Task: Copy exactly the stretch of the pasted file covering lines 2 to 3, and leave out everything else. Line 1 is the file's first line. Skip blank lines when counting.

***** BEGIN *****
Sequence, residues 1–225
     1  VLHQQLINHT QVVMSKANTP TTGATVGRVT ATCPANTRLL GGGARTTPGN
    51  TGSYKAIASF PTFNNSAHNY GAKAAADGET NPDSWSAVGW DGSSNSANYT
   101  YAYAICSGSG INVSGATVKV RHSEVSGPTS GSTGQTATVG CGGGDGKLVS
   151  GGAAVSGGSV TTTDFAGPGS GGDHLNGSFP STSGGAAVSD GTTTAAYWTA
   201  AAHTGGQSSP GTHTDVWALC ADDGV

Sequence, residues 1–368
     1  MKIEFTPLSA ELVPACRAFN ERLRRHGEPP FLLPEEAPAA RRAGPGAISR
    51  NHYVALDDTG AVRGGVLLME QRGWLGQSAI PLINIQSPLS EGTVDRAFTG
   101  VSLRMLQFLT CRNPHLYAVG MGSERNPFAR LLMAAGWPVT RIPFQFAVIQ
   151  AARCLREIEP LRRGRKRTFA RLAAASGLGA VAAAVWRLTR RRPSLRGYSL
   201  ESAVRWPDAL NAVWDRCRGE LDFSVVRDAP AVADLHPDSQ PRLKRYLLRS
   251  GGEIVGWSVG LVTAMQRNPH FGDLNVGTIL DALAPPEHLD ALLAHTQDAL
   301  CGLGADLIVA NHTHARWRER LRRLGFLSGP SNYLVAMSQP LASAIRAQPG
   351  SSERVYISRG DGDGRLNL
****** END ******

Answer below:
     1  VLHQQLINHT QVVMSKANTP TTGATVGRVT ATCPANTRLL GGGARTTPGN
    51  TGSYKAIASF PTFNNSAHNY GAKAAADGET NPDSWSAVGW DGSSNSANYT